It is to be appreciated that the above procedure is used only to illustrate an operation cycle by way of example, and it will not limit the user from automating any other processes by defining a new set of tasks. The user of the system can define any number of procedures using the provided Graphical User Interface (GUI) and store them for later use.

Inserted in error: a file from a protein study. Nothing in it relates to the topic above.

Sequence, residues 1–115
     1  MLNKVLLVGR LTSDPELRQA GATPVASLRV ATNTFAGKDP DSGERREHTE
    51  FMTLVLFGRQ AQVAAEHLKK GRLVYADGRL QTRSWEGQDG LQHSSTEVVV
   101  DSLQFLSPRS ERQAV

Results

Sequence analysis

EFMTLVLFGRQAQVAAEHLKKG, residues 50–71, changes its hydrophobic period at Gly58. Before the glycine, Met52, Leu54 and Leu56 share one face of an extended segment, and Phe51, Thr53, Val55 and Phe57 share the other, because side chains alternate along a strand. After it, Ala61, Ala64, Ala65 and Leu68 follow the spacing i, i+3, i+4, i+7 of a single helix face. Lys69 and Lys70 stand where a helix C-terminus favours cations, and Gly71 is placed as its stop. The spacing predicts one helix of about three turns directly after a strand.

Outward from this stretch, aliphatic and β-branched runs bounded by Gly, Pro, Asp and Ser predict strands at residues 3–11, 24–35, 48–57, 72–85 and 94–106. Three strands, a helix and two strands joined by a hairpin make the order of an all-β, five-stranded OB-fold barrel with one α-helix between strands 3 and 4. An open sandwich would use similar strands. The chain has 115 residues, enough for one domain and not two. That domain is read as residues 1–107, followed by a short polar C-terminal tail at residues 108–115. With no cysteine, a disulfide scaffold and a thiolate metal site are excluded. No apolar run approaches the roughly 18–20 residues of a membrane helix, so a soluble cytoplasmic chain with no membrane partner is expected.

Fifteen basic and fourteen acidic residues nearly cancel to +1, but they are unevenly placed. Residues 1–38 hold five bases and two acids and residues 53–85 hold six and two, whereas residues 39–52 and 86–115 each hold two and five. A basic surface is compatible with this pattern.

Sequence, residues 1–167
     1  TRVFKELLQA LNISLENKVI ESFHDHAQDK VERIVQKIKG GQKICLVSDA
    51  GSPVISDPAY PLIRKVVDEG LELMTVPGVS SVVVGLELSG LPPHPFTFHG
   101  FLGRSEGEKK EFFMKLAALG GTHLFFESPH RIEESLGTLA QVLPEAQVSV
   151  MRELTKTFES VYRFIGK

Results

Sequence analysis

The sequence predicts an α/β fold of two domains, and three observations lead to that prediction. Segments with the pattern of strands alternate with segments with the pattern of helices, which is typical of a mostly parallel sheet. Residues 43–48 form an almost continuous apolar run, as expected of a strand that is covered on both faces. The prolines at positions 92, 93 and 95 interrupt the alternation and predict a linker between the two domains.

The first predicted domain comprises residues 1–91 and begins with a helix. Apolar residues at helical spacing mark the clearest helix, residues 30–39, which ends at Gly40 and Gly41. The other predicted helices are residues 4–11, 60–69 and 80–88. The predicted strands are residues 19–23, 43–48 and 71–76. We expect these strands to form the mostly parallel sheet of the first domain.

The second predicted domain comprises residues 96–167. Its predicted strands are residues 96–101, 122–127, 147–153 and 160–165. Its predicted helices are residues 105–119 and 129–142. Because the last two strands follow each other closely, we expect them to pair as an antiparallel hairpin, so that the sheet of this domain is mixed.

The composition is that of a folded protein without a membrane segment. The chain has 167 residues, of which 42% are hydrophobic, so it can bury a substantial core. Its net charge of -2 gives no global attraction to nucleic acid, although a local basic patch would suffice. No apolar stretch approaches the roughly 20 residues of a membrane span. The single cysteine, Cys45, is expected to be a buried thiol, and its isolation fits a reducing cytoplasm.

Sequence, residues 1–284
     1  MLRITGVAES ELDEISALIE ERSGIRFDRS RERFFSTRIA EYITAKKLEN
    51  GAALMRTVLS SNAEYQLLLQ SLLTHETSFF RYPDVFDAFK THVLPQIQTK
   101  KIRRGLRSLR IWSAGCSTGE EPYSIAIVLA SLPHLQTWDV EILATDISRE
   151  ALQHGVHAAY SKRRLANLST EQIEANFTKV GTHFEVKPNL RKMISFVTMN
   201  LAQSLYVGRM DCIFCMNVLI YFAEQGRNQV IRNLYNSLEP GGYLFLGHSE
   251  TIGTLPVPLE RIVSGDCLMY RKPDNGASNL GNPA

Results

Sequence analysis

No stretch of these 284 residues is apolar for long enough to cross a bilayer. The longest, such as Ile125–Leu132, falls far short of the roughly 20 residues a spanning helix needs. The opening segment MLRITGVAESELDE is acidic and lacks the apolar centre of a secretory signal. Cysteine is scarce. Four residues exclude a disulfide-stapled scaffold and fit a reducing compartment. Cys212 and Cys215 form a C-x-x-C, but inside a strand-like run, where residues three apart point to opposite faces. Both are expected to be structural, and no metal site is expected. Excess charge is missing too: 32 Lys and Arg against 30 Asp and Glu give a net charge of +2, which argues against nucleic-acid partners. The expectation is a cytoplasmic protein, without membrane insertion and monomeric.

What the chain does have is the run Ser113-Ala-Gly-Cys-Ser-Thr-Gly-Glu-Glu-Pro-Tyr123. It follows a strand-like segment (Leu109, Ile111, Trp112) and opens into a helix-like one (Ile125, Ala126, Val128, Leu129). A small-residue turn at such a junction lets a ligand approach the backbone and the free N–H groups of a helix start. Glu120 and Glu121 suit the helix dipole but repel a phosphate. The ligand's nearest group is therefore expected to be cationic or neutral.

FIG. 11 shows a wash-tower sub-module 70, according to an embodiment of the present invention. As illustrated in FIG. 11, a wash-tower 70 comprises a plurality of devices that are arranged vertically and each device is used to perform an operation on the tool such as pre-conditioning, cleaning, or drying. It is to be appreciated that the wash-tower 70 in FIG. 11 is presented by way of example and the order, number, and type of devices in the wash-tower is not limited to the one shown in FIG. 11. For example, FIG. 13 shows another configuration of a wash-tower 70 in which the wash basin 76 is replaced with a circular brush station 77, in accordance with another embodiment of the present invention. A typical wash and sterilization operation involves several steps of cleaning in different solutions followed by a drying step. The number of cleaning steps and the type of solutions used in each step depend on the tool and work samples. For example, for a replicating tool 80 that uses an array of pins 144 (see FIG. 7) for transferring biological samples such as Yeast cells from one sample plate to another one, the following cleaning procedure can be used:  1. In a first step, the pins are dipped for about thirty seconds or more in the circular wash station 72 which is filled with distilled and de-ionized water. At this step, most contaminants such as Yeast cells tend to separate from the pins and float or subside at the bottom of the wash station. As will be illustrated later, the circular wash station is designed to completely drain, rinse and refill the wash station automatically after one wash or after every few washes. This helps reduce the likelihood of cross-contamination between the washes. Optionally, a wash station may be oval instead of circular.  2. In a second step, the pins are cleaned in an ultrasonic cleaner 78, which is filled with water or diluted ethanol. The ultrasonic cleaner comprises a metal tank filled with a wash solution and an ultrasonic transducer that induces high-frequency waves inside the solution. The waves generate dynamic forces that separate contaminants from the pins.  3. After cleaning in the ultrasonic cleaner 78, the pins are dipped in the wash basin 76, which is filled with diluted ethanol or another disinfectant.  4. In a forth step, the pins are dipped in the second wash basin 76, which is filled with 90% ethanol or similar solution. This step is generally the last step of sterilization and the first step of drying, as the 90% ethanol evaporates and dries quickly in air.  5. The dryer 79 then dries the pins by blowing warm air from the top.